ant_102_lecture_07_2011_finalsm

ant_102_lecture_07_2011_finalsm - A reminder of some things...

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Unformatted text preview: A reminder of some things we have already covered... 1. Structure: Languages can be described and compared in terms of structure - e.g. agglutinating, inFectional, analytic etc.. 2. Traditional transmission: “Human genes carry the capacity to acquire a language, and probably also a strong drive toward such acquisition, but the detailed conventions of any one language are transmitted extragenetically by learning and teaching.” Hockett Structure + Traditional transmission = change Change over time is inevitable given that transmission from one generation is “extra- genetic” - a matter of learning. Where did English come from and where is it going? Slang Evidence for the PIE Family Proto-Indo European Expansion circa 3500 BC Beowulf is an epic poem that we know about from a single manuscript which was written some time between 700 and 1000 AD. Although the manuscript contains a mix of different dialect forms it predominantly uses West Saxon dialect of Old English. Chaucer - The Canterbury Tales Written at the end of the 14th century in what we call Middle English. The tales (mostly in verse, although some are in prose) are told as part of a story-telling contest by a group of pilgrims as they travel together on a journey from Southwark to the shrine of Saint Thomas Becket at Canterbury Cathedral. The Canterbury Tales, General Prologue, ll. 1-18 Whan that Aprill with his shoures soote The droghte of March hath perced to the roote, And bathed every veyne in swich licour Of which vertu engendred is the Four; Whan Zephirus eek with his sweete breeth Inspired hath in every holt and heeth The tendre croppes, and the yonge sonne Hath in the Ram his halve cours yronne, And smale foweles maken melodye, That slepen al the nyght with open ye (So priketh hem Nature in hir corages); Thanne longen folk to goon on pilgrimages, And palmeres for to seken straunge strondes, To ferne halwes, kowthe in sondry londes; And specially from every shires ende Of Engelond to Caunterbury they wende, The hooly blisful martir for to seke, That hem hath holpen whan that they were seeke. The Canterbury Tales, General Prologue, ll. 1-18 When fair April with his showers sweet, Has pierced the drought of March to the root's feet And bathed each vein in liquid of such power, Its strength creates the newly springing Fower; When the West Wind too, with his sweet breath, Has breathed new life - in every copse and heath - Into each tender shoot, and the young sun ¡rom Aries moves to Taurus on his run, And those small birds begin their melody, (The ones who 'sleep` all night with open eye,) Then nature stirs them up to such a pitch That folk all long to go on pilgrimage And wandering travellers tread new shores, strange strands, Seek out far shrines, renowned in many lands, And specially from every shire's end Of England to Canterbury they wend The holy blessed martyr there to seek, Who has brought health to them when they were sick. Early Modern English - The Language of Shakespeare As You Like It, Act I, Scene iii...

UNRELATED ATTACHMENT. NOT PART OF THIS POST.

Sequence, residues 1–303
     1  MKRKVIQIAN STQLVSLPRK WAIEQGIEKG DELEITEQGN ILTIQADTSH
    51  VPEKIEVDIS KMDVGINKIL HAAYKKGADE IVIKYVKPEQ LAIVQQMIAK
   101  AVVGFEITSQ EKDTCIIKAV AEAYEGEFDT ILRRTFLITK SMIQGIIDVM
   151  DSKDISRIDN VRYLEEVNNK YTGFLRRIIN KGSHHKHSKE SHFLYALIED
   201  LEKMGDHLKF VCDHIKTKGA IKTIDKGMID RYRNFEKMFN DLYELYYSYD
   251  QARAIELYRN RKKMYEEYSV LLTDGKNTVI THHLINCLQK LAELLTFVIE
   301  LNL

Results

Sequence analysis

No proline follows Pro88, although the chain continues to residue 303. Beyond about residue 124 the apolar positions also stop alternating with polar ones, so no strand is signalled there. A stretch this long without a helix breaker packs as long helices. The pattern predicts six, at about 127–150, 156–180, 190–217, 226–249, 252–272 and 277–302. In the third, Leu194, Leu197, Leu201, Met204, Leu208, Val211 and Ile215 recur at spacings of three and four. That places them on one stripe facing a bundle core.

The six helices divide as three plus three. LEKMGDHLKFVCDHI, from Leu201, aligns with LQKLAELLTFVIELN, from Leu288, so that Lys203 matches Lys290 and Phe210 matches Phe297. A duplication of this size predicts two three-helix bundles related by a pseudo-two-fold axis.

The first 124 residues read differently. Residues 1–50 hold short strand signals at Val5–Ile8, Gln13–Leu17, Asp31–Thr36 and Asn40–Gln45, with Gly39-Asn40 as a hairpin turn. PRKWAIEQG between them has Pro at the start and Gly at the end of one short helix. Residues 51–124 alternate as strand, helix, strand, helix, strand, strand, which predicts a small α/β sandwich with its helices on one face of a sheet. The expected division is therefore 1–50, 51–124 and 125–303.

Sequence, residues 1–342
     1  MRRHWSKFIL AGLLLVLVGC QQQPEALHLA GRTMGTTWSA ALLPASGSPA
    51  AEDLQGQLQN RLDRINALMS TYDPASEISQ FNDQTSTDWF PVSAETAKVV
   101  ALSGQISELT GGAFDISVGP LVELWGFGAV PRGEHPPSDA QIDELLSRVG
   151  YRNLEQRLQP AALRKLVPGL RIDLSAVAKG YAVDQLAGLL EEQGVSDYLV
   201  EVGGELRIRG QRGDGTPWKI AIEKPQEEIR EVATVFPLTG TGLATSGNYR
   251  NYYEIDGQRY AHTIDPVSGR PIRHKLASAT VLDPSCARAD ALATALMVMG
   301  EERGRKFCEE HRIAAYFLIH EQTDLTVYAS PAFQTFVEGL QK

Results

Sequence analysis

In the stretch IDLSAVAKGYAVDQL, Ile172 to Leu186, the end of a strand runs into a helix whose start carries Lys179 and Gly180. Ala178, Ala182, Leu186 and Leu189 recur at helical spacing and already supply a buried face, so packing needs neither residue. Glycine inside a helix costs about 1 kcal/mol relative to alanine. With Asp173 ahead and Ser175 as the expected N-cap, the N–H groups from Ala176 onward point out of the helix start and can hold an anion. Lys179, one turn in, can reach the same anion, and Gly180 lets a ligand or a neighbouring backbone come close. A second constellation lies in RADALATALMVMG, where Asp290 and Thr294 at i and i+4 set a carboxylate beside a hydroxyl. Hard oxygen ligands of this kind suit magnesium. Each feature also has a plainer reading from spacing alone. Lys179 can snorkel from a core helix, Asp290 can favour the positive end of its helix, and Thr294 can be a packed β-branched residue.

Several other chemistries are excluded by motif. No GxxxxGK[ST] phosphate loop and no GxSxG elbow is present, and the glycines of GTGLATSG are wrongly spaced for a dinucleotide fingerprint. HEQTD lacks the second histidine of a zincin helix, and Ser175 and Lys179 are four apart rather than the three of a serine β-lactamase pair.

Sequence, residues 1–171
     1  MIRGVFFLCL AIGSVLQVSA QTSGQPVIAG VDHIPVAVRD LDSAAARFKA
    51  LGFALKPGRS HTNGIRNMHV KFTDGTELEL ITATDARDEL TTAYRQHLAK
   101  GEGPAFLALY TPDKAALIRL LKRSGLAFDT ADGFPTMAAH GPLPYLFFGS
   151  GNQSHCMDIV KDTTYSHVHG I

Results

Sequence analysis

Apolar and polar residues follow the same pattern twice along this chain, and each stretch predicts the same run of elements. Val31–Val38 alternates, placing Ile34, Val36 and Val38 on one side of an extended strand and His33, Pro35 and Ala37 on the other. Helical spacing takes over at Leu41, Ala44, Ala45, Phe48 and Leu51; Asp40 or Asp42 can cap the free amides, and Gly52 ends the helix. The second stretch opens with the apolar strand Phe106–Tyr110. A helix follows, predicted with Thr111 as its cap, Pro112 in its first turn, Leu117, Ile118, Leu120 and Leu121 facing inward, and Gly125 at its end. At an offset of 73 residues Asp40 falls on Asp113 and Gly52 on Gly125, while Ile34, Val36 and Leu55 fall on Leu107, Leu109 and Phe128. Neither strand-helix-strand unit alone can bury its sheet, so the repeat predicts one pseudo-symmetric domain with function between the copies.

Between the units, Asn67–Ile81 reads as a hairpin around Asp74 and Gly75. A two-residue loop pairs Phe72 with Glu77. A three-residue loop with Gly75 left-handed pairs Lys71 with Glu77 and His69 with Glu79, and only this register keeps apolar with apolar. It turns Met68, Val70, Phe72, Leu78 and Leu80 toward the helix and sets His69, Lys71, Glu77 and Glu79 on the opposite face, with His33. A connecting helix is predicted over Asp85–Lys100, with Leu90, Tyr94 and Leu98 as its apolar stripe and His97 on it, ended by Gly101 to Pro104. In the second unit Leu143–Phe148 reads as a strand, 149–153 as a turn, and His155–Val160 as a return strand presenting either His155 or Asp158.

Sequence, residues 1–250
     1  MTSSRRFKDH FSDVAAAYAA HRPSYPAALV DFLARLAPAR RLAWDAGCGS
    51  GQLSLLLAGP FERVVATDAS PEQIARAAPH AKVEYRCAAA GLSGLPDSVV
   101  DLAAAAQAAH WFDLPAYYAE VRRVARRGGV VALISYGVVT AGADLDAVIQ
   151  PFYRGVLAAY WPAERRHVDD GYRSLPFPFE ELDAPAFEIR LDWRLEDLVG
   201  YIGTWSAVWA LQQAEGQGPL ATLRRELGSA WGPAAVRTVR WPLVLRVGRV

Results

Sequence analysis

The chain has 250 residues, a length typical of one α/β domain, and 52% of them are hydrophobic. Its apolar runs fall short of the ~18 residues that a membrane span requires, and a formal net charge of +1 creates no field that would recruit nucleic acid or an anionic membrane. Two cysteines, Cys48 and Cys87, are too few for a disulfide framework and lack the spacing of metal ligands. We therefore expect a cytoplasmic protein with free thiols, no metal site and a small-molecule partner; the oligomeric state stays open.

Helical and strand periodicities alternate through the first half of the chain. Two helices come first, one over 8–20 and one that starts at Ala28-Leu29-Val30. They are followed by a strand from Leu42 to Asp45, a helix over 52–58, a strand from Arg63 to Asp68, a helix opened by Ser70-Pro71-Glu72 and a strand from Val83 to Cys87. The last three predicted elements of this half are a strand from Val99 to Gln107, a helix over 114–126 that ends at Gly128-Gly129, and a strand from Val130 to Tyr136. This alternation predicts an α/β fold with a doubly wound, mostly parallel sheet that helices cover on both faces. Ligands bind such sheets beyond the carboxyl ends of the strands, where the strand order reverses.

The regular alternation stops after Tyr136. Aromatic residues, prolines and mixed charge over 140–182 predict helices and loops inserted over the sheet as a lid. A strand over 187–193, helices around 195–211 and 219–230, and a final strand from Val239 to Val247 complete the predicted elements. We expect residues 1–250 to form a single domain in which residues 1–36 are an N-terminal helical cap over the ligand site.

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This note was uploaded on 02/01/2012 for the course ANTHROPOLO 102 taught by Professor Dr.andreamuehelbach during the Fall '11 term at University of Toronto.

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ant_102_lecture_07_2011_finalsm - A reminder of some things...

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